5 Considerations When Deciding if a Design Sprint is Right for Your Team
If your team is considering a Design Sprint, you’re probably also considering if the cost is worth it. It’s not just a small, simple 30-minute status meeting after all. A Design Sprint is a five-day process, initially developed at Google Ventures, used for validating ideas and tackling a business problem. Teams are guided through a design thinking process to uncover insights, prototype an idea, and test it with users. Design Sprints help answer important business questions and solve big challenges through design, prototyping, and testing ideas directly with users. Benefits include team alignment (creating a shortcut to the debate cycle), less risk, and the ability to compress months of time into a single week.
If you are wondering if your team could benefit from a Design Sprint, first check out our article on 5 times you should run a Design Sprint. If and when you decide this is right for you and your team, you’ll need to consider the overall investment cost. In this post, we outline the considerations to take into account and the factors that contribute to the cost of a Design Sprint.
5 Considerations For Investing:
This five-day process that requires careful planning. Note: we believe in giving your Design Sprint the full five days and not taking shortcuts. The activities and workshops take up the full five days, not including the pre-planning time, so you’ll want to factor that in. Consider what that means for your team – the participants will need to focus all of their time and attention on the Design Sprint, so their other projects and tasks will either need to be covered by someone else or put on hold for the week. The good news is what happens in a week can be equal to three or even six months of “regular” work.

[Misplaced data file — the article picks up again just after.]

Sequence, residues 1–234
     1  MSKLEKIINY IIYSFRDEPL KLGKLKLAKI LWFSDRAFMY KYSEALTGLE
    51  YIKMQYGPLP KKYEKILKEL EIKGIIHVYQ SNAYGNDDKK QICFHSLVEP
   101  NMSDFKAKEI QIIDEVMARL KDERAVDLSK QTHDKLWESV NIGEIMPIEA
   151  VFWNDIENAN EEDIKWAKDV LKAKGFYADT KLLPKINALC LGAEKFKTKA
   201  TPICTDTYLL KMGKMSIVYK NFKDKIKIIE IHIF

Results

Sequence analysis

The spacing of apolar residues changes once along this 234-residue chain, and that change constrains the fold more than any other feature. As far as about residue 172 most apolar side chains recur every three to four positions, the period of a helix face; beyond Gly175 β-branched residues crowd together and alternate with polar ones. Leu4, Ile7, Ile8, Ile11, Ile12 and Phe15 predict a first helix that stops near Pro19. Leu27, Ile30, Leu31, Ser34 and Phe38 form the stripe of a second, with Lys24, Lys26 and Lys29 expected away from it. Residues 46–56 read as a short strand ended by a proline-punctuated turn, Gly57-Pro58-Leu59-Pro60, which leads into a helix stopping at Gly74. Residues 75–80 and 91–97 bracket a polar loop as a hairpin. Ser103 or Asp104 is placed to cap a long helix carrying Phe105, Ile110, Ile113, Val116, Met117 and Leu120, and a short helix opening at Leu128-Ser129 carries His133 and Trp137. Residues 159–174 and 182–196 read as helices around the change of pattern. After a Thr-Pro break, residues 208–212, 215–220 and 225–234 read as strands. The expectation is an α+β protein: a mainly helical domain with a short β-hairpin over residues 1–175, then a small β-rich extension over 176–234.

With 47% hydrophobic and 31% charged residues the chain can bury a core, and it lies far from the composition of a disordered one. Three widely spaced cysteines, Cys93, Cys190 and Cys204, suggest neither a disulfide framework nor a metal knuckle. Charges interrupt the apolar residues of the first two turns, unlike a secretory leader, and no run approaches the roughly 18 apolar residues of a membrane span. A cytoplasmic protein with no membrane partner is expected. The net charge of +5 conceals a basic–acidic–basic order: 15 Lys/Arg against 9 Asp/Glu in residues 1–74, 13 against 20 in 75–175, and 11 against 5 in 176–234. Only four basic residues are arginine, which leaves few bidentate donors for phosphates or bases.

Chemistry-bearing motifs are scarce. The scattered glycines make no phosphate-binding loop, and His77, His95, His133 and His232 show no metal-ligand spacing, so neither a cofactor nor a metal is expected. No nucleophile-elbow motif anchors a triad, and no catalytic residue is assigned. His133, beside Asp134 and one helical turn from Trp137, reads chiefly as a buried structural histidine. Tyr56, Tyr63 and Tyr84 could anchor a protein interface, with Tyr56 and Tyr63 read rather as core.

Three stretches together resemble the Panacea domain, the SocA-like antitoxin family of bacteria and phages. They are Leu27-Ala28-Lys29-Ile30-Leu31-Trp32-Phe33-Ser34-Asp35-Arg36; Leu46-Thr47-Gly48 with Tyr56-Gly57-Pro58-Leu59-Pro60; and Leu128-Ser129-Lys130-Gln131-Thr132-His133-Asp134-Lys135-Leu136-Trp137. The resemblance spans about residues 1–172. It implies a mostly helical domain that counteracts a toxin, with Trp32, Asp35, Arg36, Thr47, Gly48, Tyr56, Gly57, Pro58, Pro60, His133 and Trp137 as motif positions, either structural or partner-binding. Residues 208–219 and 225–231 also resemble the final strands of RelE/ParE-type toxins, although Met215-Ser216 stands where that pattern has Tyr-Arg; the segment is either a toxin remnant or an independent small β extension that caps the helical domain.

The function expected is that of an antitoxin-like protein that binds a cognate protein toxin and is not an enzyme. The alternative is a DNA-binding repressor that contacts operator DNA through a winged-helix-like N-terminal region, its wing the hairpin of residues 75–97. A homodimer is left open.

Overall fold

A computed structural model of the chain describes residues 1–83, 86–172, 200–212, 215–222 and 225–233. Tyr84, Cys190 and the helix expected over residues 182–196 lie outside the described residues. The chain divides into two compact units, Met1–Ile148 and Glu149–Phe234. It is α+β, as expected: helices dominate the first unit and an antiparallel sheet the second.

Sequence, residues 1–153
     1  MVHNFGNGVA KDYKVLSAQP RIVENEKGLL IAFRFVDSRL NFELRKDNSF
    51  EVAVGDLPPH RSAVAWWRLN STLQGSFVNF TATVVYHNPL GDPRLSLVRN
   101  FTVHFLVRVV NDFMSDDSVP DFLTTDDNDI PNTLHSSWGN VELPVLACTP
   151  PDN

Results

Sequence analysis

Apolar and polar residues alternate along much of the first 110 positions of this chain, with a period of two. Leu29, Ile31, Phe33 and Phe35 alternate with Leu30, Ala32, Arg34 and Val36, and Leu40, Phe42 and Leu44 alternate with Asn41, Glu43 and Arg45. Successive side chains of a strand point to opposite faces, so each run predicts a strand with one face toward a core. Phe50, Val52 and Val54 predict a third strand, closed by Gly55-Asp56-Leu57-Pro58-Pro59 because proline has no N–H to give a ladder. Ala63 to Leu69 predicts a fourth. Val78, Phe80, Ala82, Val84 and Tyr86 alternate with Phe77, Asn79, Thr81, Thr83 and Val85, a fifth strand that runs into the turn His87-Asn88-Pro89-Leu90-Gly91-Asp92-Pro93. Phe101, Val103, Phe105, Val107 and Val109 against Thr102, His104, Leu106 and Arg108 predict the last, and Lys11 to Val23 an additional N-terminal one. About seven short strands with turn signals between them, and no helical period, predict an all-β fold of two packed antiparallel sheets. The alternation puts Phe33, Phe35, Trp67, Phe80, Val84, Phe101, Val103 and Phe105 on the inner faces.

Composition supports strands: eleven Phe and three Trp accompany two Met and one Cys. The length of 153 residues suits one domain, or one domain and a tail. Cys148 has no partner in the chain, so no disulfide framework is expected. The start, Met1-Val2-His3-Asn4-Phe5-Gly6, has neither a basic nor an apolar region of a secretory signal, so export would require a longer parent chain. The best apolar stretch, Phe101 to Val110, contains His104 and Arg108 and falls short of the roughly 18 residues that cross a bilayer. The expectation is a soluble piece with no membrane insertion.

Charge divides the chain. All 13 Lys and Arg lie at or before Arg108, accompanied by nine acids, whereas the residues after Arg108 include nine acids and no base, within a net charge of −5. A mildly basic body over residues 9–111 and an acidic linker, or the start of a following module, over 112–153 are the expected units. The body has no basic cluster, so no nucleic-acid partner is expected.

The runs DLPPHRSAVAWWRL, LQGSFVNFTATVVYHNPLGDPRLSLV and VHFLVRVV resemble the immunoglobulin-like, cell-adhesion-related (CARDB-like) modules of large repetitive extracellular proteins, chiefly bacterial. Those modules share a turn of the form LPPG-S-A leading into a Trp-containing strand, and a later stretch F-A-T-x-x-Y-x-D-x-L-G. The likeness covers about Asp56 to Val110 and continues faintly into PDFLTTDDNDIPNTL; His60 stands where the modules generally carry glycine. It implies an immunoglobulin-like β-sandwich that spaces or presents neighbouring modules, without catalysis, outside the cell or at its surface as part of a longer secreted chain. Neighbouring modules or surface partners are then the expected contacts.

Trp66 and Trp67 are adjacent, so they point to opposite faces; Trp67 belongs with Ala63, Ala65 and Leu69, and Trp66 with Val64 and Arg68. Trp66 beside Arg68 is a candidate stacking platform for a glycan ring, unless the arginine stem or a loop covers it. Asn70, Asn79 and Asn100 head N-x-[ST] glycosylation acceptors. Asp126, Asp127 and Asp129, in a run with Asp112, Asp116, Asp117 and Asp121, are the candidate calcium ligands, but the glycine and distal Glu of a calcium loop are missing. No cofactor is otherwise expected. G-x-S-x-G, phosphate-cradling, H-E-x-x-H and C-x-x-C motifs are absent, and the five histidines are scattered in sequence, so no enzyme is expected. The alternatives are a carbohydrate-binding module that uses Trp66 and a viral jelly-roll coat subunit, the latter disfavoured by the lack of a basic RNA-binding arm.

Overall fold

“Design thinking research can lead to a 75% reduction in design and delivery time, often reducing an 8-month project to 3 or 4 months.” – IBM
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A Design Sprint team is typically made up of seven people who will provide diverse and critical perspectives on the project (including a Facilitator, Decider, Sponsor, some mix of Experts, Prototypers, Designers, Product and Tech leads). As mentioned above, this Sprint team will be fully focused on the Design Sprint over the five days, therefore their time and salary are factors to consider. In addition to time and salary, any other projects they are working on should also be factored into consideration.
The complexity and impact of the project will also be a factor in the overall cost. For example, redesigning an existing piece of product functionality will likely be more straightforward than conceptualizing net new functionality from the ground up, and therefore requires less planning, time and resources. First decide on what the overarching challenge or question is that you hope to solve by utilizing a Design Sprint. Then you will have a more informed way to determine cost based upon the complexity of that challenge.
4) Expert Facilitators
Another consideration that will factor into the overall cost will be deciding to hire an expert facilitator or using someone internally. Consider bringing in an expert facilitator when dealing with big or sensitive topics. They offer a non-biased opinion, are removed from office politics, and take care of logistics while making sure everyone stays on track. The facilitator’s role is to increase engagement and positivity in the group, and an outside facilitator is a fresh face who can help to break patterns and promote productivity. Alternatively teams can run Design Sprints on their own, if there’s a neutral leader in the group who is well-versed in the process and facilitation.